Going to Europe_0908 1 For the latest version of this document see www.ctauk.org This printed copy may not be up to date. This one was printed 11/24/2009 11:47:00 AM Back up Documentation Either a Waybill or Own Account Certificate must be carried if the vehicle has more than eight passenger seats, regardless of how many passengers are being carried and irrespective of whether it is operating for "hire or reward".
In order to ascertain which document is required there are 4 main questions:
i. Is the organisation a non-profit-Making body?
ii. Do you own (or have on long-term lease) your own vehicle?
iii. Is the journey within the EU?
Austria, Belgium, Bulgaria, Cyprus, Czech Republic, Denmark, Estonia, Finland, France, Germany, Greece, Hungary, Ireland, Italy, Latvia, Lithuania, Luxembourg, Malta, Netherlands, Poland, Portugal, Romania, Slovakia, Slovenia, Spain, Sweden, United Kingdom iv. Will the journey last less than 90 days?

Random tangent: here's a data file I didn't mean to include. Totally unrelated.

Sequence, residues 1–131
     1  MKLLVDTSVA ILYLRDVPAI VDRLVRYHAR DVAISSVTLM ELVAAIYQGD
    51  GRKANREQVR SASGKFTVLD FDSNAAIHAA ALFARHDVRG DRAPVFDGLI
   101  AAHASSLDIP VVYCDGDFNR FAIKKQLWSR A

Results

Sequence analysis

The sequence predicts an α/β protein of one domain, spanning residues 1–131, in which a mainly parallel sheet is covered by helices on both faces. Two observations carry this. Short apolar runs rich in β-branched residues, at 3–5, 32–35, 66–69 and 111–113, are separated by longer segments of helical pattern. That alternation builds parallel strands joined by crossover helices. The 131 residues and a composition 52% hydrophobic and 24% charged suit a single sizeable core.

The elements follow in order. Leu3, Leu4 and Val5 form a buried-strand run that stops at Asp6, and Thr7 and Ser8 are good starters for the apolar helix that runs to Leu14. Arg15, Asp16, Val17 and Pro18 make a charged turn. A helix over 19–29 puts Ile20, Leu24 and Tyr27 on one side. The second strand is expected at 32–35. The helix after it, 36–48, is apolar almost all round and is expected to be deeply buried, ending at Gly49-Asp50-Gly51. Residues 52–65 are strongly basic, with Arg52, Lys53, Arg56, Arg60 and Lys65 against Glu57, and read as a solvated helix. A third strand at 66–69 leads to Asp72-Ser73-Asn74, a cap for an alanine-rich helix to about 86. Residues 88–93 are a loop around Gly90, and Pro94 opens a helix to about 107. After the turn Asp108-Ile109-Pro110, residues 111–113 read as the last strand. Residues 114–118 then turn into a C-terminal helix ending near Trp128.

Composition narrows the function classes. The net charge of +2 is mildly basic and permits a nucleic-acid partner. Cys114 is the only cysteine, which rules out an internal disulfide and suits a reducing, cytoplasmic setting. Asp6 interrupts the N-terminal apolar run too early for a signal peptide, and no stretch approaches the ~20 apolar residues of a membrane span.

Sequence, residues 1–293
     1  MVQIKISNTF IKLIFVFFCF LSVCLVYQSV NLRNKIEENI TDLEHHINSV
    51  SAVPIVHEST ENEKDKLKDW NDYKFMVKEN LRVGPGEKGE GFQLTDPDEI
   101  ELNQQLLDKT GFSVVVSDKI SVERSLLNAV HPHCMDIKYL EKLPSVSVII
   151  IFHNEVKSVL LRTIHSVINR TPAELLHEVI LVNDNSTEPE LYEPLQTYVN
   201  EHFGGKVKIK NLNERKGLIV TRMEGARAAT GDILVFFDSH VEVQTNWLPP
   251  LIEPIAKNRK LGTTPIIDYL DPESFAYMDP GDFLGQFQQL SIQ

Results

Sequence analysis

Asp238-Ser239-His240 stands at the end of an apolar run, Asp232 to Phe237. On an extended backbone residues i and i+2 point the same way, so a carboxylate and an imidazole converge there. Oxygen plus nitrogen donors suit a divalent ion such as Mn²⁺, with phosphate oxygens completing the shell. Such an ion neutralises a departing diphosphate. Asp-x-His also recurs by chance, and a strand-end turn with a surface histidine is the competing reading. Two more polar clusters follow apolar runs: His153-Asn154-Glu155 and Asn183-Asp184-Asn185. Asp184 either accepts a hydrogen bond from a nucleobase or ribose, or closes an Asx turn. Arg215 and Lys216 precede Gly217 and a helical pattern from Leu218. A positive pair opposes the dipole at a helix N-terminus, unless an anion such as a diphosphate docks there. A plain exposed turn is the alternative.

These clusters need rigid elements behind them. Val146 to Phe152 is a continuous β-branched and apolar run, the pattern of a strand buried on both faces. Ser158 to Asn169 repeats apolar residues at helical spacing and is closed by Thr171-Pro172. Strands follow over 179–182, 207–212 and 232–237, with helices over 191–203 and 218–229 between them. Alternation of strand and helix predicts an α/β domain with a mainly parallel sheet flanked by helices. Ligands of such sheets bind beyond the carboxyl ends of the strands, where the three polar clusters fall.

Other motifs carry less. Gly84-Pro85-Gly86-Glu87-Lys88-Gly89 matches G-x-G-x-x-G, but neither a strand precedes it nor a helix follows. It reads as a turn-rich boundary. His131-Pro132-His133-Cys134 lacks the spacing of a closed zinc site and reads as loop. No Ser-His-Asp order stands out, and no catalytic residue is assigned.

If yes is answered to all these questions an Own Account Certificate should be used.
If not the journey is probably an Occasional Services and a Waybill is required.
Own Account Certificate – EU only International journeys carried out within the EU by a non-profit making body for the transport of its members in connection with its social objectives or by a body for its own employees fall within the category of Own Account Transport Operations.
Provided that the vehicle used is the property of the operator, such journeys can be carried out under an Own Account Certificate. (This can cover Local Authorities, voluntary organisations, and education establishments). These certificates are available from the International Road Freight Office, using Form GC 278. They now cost £5 in respect of each full year of validity, up to a maximum of 5 years).
An Own Account Certificate cannot be issued for a vehicle hired from a commercial self-drive hire company, nor a vehicle which has been borrowed from another organisation. In order for a community group to qualify for an Own Account
Certificate they must either:
i) Be the owner or full-time operator of the vehicle;